Lovers’ Meeting, once known as A New Beginning to online readers at A Happy Assembly and, is Catherine’s second novel. She published Fair Stands the Wind in 2017.

Book Cover: Lover's Meeting by Catherine Lodge
Buy Links

Lover's Meeting is available to buy now in Paperback, Kindle and Kindle Unlimited. 

Amazon USAmazon UKAmazon CA • Add to Goodreads shelf


Giveaway Time!


Quills and Quartos are giving away an ebook of Catherine Lodge's Lover’s Meeting to a commenter on this blog post. To enter, leave a comment here. Q&Q will choose a winner on 12 Feb.

If you have any problems adding your comment please contact me and I will add your comment for you :)

Blog Tour Schedule

The blog tour for Lover's Meeting is stopping elsewhere. Please visit these stops too, to learn more about the book and increase your chances to win! 

Blog Tour: Lover's Meeting by Catherine Lodge

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  1. Hi Ceri,
    I’m looking forward to reading this delightful book.
    I’ve heard great things about it.
    Hope you and yours are keeping well.
    Stay safe. 🍀

    1. I really fancy reading this one. I very much enjoyed Catherine Lodge's last book, Fair Stands the Wind but I never blogged about it, had been planning to last year but time got away from me! I hope you enjoy it when you read it, Mary!

  2. Replies
    1. Good to hear, Sheila, because if you enjoyed it there is a good chance that I will too!

  3. Great excerpt. Love how Mr. Darcy dodged Caroline Bingley at the pianoforte... congrats on your latest release. I’m looking forward to reading it.

  4. Patricia Finnegan4 February 2021 at 23:56

    I like the excerpt!

  5. Carole in Canada4 February 2021 at 23:58

    Oh, I just love this 'new and improved' Mr. Darcy! Looking forward to reading it! Congratulations!

  6. An improved Darcy? OOOOOHH! Sounds like a must read!

    1. Hope you enjoy it when you read it, Lily.

  7. I really enjoyed Fair Stands the Wind, so I am looking forward to reading this one too. Thanks for the opportunity to win a copy!

    1. I enjoyed FStW too, looking forward to reading this too.

  8. I remember reading this on, and enjoying it then!

  9. I remember reading this at AHA. I’m looking forward to reading the published version. Congrats, Catherine, and thank you, Ceri, for all the work you put into your blog.

    1. Thanks so much Lucy. I always feel I'm not doing enough so I am glad to hear praise even if I suspect I don't deserve it :)

  10. Oh, that was a lovely excerpt! Darcy was so charming here. And I loved the humor. What, do you mean to say that Caroline Bingley does not read Plato? Shocking! Congrats, Catherine, on your new release!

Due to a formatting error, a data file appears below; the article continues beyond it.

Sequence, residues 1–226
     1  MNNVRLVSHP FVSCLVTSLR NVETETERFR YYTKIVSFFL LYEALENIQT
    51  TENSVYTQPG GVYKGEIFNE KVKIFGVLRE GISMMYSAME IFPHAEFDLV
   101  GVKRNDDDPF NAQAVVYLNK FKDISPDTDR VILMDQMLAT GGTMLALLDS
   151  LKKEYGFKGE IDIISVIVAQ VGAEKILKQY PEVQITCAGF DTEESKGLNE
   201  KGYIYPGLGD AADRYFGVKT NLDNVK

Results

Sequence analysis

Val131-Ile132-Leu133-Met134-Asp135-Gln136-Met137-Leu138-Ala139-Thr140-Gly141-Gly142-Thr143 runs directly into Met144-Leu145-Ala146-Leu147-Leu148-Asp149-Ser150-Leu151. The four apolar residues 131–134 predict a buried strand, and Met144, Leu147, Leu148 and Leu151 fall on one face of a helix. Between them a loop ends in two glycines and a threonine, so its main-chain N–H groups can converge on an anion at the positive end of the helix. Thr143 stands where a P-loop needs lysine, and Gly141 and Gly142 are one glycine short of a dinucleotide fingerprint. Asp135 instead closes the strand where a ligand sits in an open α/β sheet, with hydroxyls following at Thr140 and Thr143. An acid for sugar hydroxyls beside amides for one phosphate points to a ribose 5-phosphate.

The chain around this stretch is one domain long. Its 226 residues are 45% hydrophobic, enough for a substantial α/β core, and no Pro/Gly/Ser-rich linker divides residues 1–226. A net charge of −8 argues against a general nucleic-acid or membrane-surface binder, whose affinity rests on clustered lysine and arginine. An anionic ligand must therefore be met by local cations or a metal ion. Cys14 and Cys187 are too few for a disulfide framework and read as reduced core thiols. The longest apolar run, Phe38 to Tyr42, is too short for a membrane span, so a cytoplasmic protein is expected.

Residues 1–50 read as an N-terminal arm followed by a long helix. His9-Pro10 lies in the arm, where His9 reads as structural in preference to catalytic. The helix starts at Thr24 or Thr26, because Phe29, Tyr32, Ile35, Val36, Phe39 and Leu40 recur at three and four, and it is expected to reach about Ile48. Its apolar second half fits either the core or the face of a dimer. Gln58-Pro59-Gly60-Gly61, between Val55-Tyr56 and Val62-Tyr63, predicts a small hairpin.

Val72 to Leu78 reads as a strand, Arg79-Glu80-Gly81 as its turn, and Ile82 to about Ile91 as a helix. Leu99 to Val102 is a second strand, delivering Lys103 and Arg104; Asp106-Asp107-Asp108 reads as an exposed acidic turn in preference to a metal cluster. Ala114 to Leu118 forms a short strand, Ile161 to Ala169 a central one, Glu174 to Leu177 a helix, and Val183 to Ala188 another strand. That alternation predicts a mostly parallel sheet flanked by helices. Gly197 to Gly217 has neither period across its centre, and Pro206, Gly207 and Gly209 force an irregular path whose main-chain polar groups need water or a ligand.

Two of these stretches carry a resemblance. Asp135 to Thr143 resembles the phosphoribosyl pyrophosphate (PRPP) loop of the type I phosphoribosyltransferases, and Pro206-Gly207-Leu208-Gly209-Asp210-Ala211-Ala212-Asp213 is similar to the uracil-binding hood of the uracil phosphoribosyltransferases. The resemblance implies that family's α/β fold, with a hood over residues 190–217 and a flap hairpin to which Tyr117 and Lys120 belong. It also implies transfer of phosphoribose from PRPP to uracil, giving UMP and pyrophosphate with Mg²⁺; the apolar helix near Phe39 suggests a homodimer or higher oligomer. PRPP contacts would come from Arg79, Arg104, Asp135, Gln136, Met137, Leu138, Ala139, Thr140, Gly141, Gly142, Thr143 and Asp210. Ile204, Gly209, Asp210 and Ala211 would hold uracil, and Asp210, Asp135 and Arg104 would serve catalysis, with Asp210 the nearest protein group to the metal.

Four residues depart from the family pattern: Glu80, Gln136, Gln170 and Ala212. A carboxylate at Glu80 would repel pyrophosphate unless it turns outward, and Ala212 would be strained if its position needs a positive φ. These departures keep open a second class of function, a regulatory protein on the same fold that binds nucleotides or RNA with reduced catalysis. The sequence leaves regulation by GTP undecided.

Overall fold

1. Between you and me (looks both ways to ensure nobody is listening...) I don't think Caroline Bingley is as much of a reader as she professes to be! I knew you suspected the same!

  11. Enjoyed their interaction with one another in the excerpt.

  12. I have a comment to add from Eva:

    I love how Darcy was attentive to Elizabeth. I hope it works out for them. Thank you for the excerpt and giveaway.

  13. I have a comment to add from author Catherine Lodge:

    Just popping in to say thanks to Ceri for hosting and I hope you all enjoy the book. It’s really interesting to see what little thing or other people notice.

    1. So sorry if you've had trouble posting Catherine! All the very best with this book :)

  14. Thank you for the excerpt. I like this Darcy, taking control to win over Lizzy. I like the way he questions himself if this is what she would want not what he would have wanted to do.

    Thank you for the chance to win a copy

  15. Wonderful excerpt! Looking forward to reading

  16. I have a comment to add from Luisa1111, sorry I didn't add it sooner!

    Can’t wait to read how Elizabeth discovers Mr Darcy can play the pianoforte! Let’s hope they play a duet soon.

    1. Thanks for commenting Luisa. Again, I'm sorry I didn't add the comment sooner, but it was in time for the giveaway, phew!

  17. Enjoyed the excerpt. Can't wait to read the book. Thank you for the chance to win a copy.

  18. Thanks everybody for stopping by, reading and commenting! Quills and Quartos chose a winner, who was Dung. Dung, I have dropped you an email about how to claim your prize :)